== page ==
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500th Anniversary of the Reformation - Cambridge Scholars Publishing

This month, Cambridge Scholars is marking the 500th anniversary of the Reformation, a major event in the 16th century that left an indelible mark on not only the landscape in Europe but also further afield. The Reformation is considered to have begun with the publication of Martin Luther’s ‘Ninety-five Theses’ in Wittenberg, Germany, which most believe to have been on 31st October, 1517.

In the words of Tom Rassieur, curator of last year’s exhibition ‘Martin Luther: Art and the Reformation’ at the Minneapolis Institute of Art, USA, “one man, Martin Luther, took a stand that literally shredded the fabric of Europe. It changed theology, it changed politics, it changed society and it changed political boundaries. It gave us a revolution in education, in literacy. There are many, many manifestations of the Reformation.”

To mark this anniversary, we are offering our readers a 50% discount on 4 of our best-selling titles on Christianity since the Reformation.

To redeem your discount, please enter the promotional code REFORMATION17 during checkout. Please note that this is a time-limited offer that will expire on 1st November 2017.

A Short History of the Church of England: From the Reformation to the Present Day retraces the history of the Church of England from the Henrician schism (1533–34) to the present day, and focuses on the complex relations between the Church and the State which, in the case of an established Church, are of paramount importance. Theological questions, and in particular the conflicting influences of Catholicism and Protestantism, in its various forms, are also examined. The religious settlement engineered by Elizabeth I and her advisers in the 16th century saved England from the atrocities of religious war. However, the countless theological battles and party feuds which have punctuated the history of the Church suggest that the Elizabethan settlement was not entirely successful. The Church of England today is a “broad Church”, hosting within its fold a wide range of traditions and beliefs. The coexistence between liberals and conservatives and, to a lesser extent, between Anglo-Catholics and Evangelicals, remains uneasy and the unity of the Church is fragile.

The English Reformation was no bolt of lightning out of a clear blue sky. Nor was it an event that was inevitable, smooth, or predictable. Rather, it was a process that had its turbulent beginnings in the late medieval period and extended through until the Restoration. Renovating the Sacred: Faith Communities and the Re-formation of the English Parish Church places the emphasis not just on law makers or the major players, but also, and more importantly, on those individuals and parish communities that lived through the twists and turns of reform. It explores the unpredictable process of the English Reformation through the fabric, rituals and spaces of the parish church in the Diocese of Norwich c. 1450–1662, as recorded, through the churchwardens’ accounts and the material remains of the late medieval and early modern periods. It is through the uses and abuses of the objects, rituals, spaces of the parish church that the English Reformation became a reality in the lives of these faith communities that experienced it.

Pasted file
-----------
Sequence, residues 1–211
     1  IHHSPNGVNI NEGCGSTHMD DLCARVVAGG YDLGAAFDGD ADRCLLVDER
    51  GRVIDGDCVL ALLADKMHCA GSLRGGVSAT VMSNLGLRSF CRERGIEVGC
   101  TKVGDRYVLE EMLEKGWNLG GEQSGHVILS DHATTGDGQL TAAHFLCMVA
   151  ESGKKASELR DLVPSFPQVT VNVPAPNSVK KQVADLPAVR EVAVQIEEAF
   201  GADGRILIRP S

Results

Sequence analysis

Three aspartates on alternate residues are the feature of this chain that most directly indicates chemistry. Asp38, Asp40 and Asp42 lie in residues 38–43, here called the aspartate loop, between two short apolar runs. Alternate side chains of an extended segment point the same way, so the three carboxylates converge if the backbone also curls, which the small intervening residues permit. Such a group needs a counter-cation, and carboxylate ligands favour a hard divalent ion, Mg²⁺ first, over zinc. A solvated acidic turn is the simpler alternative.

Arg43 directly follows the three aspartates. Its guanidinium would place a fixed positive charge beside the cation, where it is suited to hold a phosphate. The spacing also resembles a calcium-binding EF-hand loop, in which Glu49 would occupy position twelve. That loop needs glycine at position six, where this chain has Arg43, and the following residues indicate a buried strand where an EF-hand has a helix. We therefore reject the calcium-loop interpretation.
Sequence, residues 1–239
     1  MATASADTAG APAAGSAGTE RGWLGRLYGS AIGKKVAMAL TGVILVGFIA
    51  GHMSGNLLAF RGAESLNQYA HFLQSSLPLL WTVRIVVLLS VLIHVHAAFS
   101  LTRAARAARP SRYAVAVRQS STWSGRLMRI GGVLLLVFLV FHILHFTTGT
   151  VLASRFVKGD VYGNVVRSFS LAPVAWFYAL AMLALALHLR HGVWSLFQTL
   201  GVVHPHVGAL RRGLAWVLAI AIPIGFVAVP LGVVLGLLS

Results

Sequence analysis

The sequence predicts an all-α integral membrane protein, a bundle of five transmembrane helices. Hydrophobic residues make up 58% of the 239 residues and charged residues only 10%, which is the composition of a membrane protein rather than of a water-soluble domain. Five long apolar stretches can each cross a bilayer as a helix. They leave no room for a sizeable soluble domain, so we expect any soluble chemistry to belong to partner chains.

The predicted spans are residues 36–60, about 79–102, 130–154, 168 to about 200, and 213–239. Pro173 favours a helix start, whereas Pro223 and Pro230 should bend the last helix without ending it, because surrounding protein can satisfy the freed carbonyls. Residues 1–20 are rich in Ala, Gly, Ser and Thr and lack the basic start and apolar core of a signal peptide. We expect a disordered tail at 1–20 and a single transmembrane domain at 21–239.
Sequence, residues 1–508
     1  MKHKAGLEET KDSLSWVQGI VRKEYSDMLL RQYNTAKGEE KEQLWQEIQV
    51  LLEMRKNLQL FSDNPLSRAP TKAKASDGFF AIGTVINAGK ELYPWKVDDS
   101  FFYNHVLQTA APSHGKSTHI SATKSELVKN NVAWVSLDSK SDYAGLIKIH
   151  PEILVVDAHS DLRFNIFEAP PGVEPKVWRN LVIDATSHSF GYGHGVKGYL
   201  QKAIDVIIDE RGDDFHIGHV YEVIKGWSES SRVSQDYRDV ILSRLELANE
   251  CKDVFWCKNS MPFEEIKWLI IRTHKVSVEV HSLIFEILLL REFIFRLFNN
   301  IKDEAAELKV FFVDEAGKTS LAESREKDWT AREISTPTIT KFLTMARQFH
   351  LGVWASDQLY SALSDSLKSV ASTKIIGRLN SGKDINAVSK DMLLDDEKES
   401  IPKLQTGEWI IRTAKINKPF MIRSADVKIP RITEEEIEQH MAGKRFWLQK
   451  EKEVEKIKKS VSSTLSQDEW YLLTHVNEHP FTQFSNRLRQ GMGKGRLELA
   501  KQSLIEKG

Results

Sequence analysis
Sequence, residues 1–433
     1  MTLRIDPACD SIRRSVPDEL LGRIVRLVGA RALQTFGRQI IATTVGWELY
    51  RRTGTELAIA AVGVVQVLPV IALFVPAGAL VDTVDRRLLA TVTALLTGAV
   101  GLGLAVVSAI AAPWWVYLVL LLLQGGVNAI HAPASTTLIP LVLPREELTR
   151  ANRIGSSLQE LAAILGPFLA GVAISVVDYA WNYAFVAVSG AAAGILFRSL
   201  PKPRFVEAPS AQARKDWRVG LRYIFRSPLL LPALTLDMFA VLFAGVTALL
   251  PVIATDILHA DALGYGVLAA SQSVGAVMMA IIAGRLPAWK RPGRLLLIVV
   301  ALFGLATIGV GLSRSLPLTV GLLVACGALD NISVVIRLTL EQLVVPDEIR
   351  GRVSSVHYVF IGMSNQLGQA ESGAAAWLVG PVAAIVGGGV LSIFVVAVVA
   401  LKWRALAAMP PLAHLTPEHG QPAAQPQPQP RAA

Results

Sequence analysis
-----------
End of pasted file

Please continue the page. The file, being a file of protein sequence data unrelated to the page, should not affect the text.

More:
The Alchemical Virgin Mary in the Religious and Political Context of the Renaissance explores the survival of Roman Catholic doctrine and visual imagery in the alchemical treatises composed by members of the Lutheran and Anglican confessions during the Renaissance and Early Modern periods. It discusses the reasons for such unexpected confessional survivals in a time of extreme Protestant iconoclasm and religious reform. The book presents an analysis of the manner in which Catholic doctrines concerning the Virgin Mary, the Holy Trinity and the Eucharist were an essential factor in the development of alchemical theory and illustration from the medieval period to the seventeenth century. Additional issues explored here include the role played by alchemy in strengthening the leaders of the European defence against the invading Ottoman Turks. Special consideration is given to the role played by the apocalyptic Mary within alchemical texts and pictures as an emblem of the mercurial quintessence.

Themes of Polemical Theology Across Early Modern Literary Genres spans the early modern period and ranges across literary genres, confessional divides and European borders. It brings together scholars to explore the dynamic and profound ways in which polemical theology, its discourses and codes, interacted with non-theological literary genres in this era. Offering depth as well as breadth, the contributions chart a myriad of intersections between Catholic, Orthodox, Lutheran and Reformed polemics and a range of literary types composed in Latin and the vernacular across Europe. Individual essays discuss how genres such as history and poetry often represented a vehicle to promote and validate a particular confessional standpoint. Authors also address the complex relationship between humanism and polemical theology which tends to be radically oversimplified in early modern studies.


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